Akron-AAUP realizes that the University of Akron (UA) is in a financial crisis. To address this crisis, the administration has asked colleges to propose FY21 budgets with cuts ranging from 18% to 35%. Wages and benefits comprise the major portion of the academic budget; therefore, we anticipate significant faculty reductions. Akron-AAUP firmly believes that making these kinds of cuts is not a feasible means of addressing this budget crisis, will not lead to future success for the University, will negatively impact student success and graduation rates, and will create so much negative publicity that the University may never return to pre-COVID 19 enrollment levels.
For years, the University has disinvested in academics while simultaneously losing millions on its athletics programs. In the spirit of shared sacrifice, we believe that it’s time to move to a responsible and sustainable model of funding for athletics. This change is necessary if we are to preserve and protect the University’s central mission of education and research, attract future students, and ensure that current students have the quality programs and faculty they need to succeed.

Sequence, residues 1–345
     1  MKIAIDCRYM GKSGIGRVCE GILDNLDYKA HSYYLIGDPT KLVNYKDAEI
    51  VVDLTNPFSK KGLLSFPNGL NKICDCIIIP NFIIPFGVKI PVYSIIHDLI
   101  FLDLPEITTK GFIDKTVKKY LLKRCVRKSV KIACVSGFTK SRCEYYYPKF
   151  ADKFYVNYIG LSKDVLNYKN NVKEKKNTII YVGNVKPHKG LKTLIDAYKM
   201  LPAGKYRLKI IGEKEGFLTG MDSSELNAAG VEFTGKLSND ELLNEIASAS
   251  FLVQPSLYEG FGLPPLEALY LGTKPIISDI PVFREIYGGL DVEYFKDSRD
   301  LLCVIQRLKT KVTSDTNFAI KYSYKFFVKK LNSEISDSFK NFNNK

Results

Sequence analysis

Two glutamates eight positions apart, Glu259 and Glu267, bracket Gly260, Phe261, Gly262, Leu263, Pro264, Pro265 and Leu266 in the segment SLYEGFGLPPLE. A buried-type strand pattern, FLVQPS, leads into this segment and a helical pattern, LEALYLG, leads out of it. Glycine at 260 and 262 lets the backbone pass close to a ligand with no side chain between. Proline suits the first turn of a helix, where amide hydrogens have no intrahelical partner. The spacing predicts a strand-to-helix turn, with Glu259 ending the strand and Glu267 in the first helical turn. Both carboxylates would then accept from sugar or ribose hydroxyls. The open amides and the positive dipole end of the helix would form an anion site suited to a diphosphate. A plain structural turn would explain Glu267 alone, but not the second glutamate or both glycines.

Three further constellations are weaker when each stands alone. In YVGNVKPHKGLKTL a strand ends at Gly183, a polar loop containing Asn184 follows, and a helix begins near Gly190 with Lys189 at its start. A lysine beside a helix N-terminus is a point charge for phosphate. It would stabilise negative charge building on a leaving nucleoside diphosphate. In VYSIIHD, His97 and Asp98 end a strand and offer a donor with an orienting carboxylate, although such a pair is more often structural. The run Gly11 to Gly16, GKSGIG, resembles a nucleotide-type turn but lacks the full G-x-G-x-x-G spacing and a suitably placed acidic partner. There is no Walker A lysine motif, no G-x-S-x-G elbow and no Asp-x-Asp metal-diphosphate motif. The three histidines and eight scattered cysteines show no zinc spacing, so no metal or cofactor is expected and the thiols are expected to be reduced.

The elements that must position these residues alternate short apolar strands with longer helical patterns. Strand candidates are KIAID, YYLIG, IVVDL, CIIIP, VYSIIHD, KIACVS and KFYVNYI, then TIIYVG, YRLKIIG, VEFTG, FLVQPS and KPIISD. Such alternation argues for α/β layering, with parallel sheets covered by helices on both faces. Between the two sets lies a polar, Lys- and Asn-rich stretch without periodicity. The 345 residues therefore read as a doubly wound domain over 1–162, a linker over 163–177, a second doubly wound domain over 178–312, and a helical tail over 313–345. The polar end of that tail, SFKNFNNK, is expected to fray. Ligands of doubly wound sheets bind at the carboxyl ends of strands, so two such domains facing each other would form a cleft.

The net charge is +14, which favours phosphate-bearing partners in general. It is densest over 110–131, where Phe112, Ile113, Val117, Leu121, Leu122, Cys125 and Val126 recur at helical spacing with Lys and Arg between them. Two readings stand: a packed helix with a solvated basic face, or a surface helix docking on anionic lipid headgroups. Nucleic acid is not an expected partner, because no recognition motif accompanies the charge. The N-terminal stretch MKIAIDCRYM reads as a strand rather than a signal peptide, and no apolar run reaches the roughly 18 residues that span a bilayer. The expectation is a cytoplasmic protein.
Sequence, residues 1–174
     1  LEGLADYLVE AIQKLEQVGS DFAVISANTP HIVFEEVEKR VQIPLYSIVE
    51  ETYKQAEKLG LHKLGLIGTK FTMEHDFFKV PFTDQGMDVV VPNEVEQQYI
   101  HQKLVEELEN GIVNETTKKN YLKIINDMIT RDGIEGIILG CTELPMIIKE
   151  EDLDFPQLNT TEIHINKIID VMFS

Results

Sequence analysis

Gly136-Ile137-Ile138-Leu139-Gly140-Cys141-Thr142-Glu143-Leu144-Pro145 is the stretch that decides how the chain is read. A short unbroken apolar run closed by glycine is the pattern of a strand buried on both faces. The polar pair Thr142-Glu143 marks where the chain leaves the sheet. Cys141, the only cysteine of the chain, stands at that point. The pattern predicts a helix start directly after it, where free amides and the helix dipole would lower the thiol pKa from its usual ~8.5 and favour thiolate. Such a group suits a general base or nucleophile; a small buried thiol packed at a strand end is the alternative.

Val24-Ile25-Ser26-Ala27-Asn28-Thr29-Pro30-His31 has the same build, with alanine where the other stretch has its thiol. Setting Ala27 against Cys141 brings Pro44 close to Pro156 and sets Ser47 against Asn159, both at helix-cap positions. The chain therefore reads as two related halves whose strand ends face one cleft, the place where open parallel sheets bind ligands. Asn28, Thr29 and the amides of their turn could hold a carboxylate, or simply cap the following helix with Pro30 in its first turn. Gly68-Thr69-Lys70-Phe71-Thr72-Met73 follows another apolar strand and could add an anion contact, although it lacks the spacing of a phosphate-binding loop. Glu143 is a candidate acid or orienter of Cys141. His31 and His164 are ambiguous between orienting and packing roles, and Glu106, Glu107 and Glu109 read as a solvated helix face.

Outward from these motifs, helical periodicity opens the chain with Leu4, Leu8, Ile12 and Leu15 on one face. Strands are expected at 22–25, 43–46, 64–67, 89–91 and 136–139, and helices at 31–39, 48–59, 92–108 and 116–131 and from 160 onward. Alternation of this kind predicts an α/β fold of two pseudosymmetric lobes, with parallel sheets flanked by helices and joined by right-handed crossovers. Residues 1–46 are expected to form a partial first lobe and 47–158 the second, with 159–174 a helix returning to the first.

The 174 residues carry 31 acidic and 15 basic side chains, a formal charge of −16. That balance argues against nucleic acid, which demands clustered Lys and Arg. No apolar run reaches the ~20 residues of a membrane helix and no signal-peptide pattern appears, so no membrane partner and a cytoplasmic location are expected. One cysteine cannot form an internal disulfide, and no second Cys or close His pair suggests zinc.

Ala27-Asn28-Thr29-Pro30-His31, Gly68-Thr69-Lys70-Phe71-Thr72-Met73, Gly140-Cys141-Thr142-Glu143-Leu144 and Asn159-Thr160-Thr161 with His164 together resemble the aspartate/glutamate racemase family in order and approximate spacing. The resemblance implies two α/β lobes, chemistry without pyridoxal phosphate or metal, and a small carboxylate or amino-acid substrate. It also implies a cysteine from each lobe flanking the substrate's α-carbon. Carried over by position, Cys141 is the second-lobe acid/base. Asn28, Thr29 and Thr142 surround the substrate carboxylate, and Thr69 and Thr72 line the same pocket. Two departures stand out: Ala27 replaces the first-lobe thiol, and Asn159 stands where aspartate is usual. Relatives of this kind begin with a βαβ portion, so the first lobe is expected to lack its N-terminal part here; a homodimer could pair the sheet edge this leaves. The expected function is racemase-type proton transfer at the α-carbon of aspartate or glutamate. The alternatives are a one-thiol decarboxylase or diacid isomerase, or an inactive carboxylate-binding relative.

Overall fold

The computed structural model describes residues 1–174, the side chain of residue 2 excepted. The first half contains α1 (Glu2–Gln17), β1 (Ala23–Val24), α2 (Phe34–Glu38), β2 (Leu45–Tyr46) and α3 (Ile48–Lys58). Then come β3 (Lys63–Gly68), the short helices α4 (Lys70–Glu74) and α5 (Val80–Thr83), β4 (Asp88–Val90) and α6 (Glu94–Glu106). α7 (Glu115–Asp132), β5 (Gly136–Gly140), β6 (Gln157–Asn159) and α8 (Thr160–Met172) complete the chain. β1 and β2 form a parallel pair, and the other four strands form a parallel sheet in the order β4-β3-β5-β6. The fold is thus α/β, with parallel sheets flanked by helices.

The vast majority of the University’s revenue comes from student tuition and fees–from its academic programs. Athletic programs, on the other hand, cost far more than they bring in. The University has been losing an average of $21.52M per year on athletic programs for the last ten years. This totals $215.23M in lost revenue over that span. This is unnecessary, and at a time when the University is proposing to cut an anticipated 25% of its overall academic budget, it is no longer defensible. It is also not fair to our students, who are subsidizing athletics at a higher rate than students at other Ohio public universities.
In this report, we present data showing that many millions of dollars must be diverted from the General Fund each year to support Athletics. Yet the Administration has failed to address this problem. We acknowledge that there would be an up-front cost in the first year to leave Division I football, and given the University’s current financial status, this upcoming year may not be the year to do so. However, the Board of Trustees and the Administration must do more to cut the drain on UA’s finances caused by Athletics now and should commit to structural change in the future. This would allow the University to preserve the quality of its programs for our students by saving faculty jobs.
We welcome a conversation with the University’s leadership about this subject and other potential avenues for reducing the cost of athletics. It’s only through shared governance, transparency, and collaboration that the University can confront our current challenges and set itself on a sustainable path.
We urge all faculty, administrators, staff, students, and community members to read the full report.
If you agree that students should come before athletics, SIGN OUR OPEN LETTER.